Dr. Guss is interested in the integration of psychedelic therapies with contemporary psychoanalytic theory and has published in Studies in Gender and Sexuality and Psychoanalysis, Culture and Society. He has published (with Elizabeth Nielson, PhD) a paper on “the influence of therapists’ first had experience with psychedelics on psychedelic-assisted psychotherapy research and therapist training” in The Journal of Psychedelic Studies, August, 2018. He is an Instructor and Mentor with the California Institute of Integral Studies’ Center for Psychedelic Therapies and Supervisor in NYU’s Fellowship in Addiction Psychiatry. 

Dr. Guss maintains a private practice in New York City.

Will Van Derveer, MD

Will Van Derveer, MD is Co-Founder of Integrative Psychiatry Institute and Integrative Psychiatry Centers. Dr. Van Derveer was co-investigator on a phase 2 MAPS study of Psychedelic-assisted psychotherapy for treatment-resistant PTSD, and co-authored the publication of this study in 2018. He has also provided Psychedelic-assisted psychotherapy in two MAPS training studies. An active provider of KAP at his clinic in Boulder, CO, he has been teaching others KAP therapy for several years. Dr. Van Derveer contributed a chapter on mescaline in the 2021 "Handbook of Medical Hallucinogens" (edited by Charles Grob and Jim Grigsby). He is co-host of the Higher Practice Podcast.

Dr. Van Derveer regards unresolved emotional trauma as the most significant under-recognized root cause of psychiatric symptoms in integrative psychiatry practice, along with gut issues, hormone imbalances, inflammation, mitochondrial dysfunction, and other functional medicine challenges. He is trained in Somatic Experiencing, EMDR, Internal Family Systems, and other psychotherapy techniques. His current clinical passion is psychedelic-assisted psychotherapy, which he mentors interested doctors in providing. An avid meditator, he has been a meditation instructor since 2004.

For the past several years Dr. Van Derveer has taught psychiatrists and other psychiatric providers integrative psychiatry in a number of settings, including course directing the CU psychiatry residents’ course as well as with Scott Shannon and Janet Settle at the Psychiatry MasterClass.


Scott has been a student of consciousness since his honors thesis on that topic at the University of Arizona in the 1970s under the tutelage of Dr. Andrew Weil. Following medical school, Scott studied Jungian therapy and acupuncture while working as a primary care physician in a rural area for four years. Psychedelic-assisted psychotherapy became a facet of his practice before this medicine was scheduled in 1985. He then completed a psychiatry residency at Columbia program in New York. Scott studied cross-cultural psychiatry and completed a child/adolescent psychiatry fellowship at the University of New Mexico.

In 2010 he founded Wholeness Center in Fort Collins. This innovative clinic provides cross-disciplinary evaluation and care for all mental health concerns. Scott serves as a site Principal Investigator and therapist for the Phase III trial of psychedelic-assisted psychotherapy for PTSD sponsored by (MAPS). He has also published numerous articles about his research on (CBD) in mental health. Currently, Scott works extensively with psychedelic-assisted-psychotherapy. He lectures all over the world to professional groups interested in a deeper look at mental health issues, safer tools, and a paradigm-shifting perspective about transformative care.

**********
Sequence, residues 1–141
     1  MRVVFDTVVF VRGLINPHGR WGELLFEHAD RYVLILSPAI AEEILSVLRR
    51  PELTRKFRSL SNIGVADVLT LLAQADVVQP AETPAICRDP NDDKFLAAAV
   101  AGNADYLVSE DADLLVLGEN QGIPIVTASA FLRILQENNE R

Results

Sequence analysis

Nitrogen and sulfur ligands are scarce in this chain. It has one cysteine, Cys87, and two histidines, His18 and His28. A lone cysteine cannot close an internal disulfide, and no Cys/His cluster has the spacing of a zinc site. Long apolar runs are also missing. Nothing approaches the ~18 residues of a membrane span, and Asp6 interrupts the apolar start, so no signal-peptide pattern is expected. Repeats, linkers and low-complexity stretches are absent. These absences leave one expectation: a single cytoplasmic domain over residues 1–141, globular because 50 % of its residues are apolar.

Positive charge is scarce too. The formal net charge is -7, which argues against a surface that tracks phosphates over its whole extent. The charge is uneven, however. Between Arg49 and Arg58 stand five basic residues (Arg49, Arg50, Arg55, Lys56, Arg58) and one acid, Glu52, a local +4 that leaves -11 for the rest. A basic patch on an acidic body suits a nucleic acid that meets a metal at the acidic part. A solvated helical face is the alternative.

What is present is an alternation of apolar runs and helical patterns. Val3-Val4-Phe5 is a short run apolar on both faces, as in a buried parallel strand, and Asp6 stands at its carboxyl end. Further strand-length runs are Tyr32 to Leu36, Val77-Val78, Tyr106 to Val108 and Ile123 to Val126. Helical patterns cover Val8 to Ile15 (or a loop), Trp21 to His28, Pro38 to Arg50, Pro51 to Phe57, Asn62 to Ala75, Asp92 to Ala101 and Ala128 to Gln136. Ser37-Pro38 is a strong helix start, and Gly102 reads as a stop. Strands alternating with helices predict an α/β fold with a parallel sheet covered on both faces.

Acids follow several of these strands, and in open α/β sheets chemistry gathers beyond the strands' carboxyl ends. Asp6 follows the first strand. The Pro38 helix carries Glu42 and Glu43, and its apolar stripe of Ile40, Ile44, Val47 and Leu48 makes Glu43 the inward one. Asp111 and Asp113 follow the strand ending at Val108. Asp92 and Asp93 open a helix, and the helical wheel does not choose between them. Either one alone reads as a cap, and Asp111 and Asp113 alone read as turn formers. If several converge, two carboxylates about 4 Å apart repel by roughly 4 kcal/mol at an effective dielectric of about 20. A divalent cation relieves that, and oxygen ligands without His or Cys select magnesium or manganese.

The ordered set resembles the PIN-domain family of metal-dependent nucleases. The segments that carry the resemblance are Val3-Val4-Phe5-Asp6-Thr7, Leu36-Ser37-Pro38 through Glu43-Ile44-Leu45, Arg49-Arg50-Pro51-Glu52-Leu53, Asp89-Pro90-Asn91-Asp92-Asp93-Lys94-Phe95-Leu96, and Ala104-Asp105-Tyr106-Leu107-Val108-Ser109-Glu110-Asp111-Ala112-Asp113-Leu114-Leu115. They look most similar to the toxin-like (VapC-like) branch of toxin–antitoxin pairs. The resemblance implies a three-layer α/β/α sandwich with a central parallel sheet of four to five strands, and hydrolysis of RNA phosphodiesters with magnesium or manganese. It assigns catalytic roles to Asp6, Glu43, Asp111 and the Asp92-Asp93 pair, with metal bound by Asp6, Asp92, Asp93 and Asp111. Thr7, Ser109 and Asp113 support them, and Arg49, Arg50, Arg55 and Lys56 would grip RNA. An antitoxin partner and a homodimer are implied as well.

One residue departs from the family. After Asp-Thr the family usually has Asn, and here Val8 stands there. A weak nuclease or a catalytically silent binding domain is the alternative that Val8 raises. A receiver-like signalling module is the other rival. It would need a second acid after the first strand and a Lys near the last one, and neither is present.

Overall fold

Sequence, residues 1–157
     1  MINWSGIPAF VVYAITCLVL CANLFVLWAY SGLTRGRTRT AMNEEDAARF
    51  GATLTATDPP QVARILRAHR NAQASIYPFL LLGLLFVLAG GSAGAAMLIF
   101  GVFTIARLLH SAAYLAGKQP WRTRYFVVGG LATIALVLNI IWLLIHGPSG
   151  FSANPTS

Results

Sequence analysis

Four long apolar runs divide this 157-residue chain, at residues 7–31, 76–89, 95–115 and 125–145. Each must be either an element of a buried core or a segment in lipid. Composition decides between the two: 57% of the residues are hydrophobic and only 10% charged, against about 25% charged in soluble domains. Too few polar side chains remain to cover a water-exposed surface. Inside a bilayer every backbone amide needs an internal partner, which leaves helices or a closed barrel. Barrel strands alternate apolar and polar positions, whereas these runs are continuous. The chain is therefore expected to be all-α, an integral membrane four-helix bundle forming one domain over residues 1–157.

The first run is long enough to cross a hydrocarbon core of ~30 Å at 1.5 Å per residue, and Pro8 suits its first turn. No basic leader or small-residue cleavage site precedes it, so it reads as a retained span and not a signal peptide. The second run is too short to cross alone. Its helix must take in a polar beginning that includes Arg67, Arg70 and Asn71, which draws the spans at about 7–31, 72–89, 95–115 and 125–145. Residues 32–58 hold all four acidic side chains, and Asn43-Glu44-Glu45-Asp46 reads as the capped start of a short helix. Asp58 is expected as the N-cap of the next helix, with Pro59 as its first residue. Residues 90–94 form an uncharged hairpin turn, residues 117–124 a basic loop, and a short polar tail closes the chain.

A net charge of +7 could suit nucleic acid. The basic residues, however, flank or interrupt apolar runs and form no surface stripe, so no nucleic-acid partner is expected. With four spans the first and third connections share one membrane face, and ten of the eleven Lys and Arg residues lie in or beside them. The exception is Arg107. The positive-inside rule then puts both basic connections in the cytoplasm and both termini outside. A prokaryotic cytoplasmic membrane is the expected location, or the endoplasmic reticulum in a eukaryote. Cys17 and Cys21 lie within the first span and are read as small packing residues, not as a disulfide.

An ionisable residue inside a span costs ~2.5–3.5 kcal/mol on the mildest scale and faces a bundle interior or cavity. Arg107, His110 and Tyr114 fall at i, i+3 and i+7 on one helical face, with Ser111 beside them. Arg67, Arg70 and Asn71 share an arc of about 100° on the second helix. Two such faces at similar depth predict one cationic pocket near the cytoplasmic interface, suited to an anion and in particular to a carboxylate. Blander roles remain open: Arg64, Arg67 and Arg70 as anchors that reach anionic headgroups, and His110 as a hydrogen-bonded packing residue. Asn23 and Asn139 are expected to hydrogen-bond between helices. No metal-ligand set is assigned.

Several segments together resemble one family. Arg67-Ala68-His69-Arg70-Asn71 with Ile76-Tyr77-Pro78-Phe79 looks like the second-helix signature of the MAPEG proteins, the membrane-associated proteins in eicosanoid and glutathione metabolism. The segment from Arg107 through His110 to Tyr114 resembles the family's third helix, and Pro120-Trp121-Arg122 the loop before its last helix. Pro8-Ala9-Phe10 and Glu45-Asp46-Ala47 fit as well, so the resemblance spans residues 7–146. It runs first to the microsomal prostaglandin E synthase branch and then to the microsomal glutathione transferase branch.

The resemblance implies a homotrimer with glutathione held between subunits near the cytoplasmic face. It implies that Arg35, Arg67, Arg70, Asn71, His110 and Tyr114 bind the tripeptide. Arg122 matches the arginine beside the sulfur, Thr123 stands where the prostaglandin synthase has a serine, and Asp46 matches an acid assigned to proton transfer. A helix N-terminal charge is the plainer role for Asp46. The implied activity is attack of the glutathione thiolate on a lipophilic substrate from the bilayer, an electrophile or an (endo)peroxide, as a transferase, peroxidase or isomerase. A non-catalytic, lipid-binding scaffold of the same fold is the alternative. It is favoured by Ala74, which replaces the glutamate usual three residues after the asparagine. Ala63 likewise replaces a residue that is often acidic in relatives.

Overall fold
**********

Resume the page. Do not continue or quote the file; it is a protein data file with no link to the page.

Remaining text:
Will Van Derveer, MD is co-founder of Integrative Psychiatry Institute (IPI), along with friend and colleague Keith Kurlander, MA. He co-created IPI as an expression of what he stands for. First, that anyone can heal, and second that we medical providers must embrace our own healing journeys in order to fully command our potency as healers.

Dr. Van Derveer spent the last 20 years innovating and testing a comprehensive approach to addressing psychiatric challenges which transcends the conventional model he learned in medical school at Vanderbilt University and residency at University of Colorado, while deeply engaging his own healing path.

He founded the Integrative Psychiatric Healing Center in in 2001 in Boulder, CO, where he currently practices. Dr. Van Derveer regards unresolved emotional trauma as the most significant root cause of psychiatric symptoms in integrative psychiatry practice, along with gut issues, hormone imbalances, inflammation, mitochondrial dysfunction, and other functional medicine challenges. He is trained in Somatic Experiencing, EMDR, Internal Family Systems, and other psychotherapy techniques. His current clinical passion is psychedelic-assisted psychotherapy, which he mentors interested doctors in providing. An avid meditator, he has been a meditation instructor since 2004.

For the past several years Dr. Van Derveer has taught psychiatrists and other psychiatric providers integrative psychiatry in a number of settings, including course directing the CU psychiatry residents’ course as well as with Scott Shannon and Janet Settle at the Psychiatry MasterClass. In addition to his clinical work and teaching, he was co-investigator in 2016 a Phase II randomized clinical trial, sponsored by the Multidisciplinary Association for Psychedelic Studies (MAPS). He continues to support this protocol, now in a Phase III clinical trial under break-through designation by FDA.

Dr. Van Derveer is a diplomate of the American Board of Integrative and Holistic Medicine (ABoIHM) since 2013, and he was board certified in the first wave of diplomates of the new American Board of Integrative Medicine (ABIM) in 2016.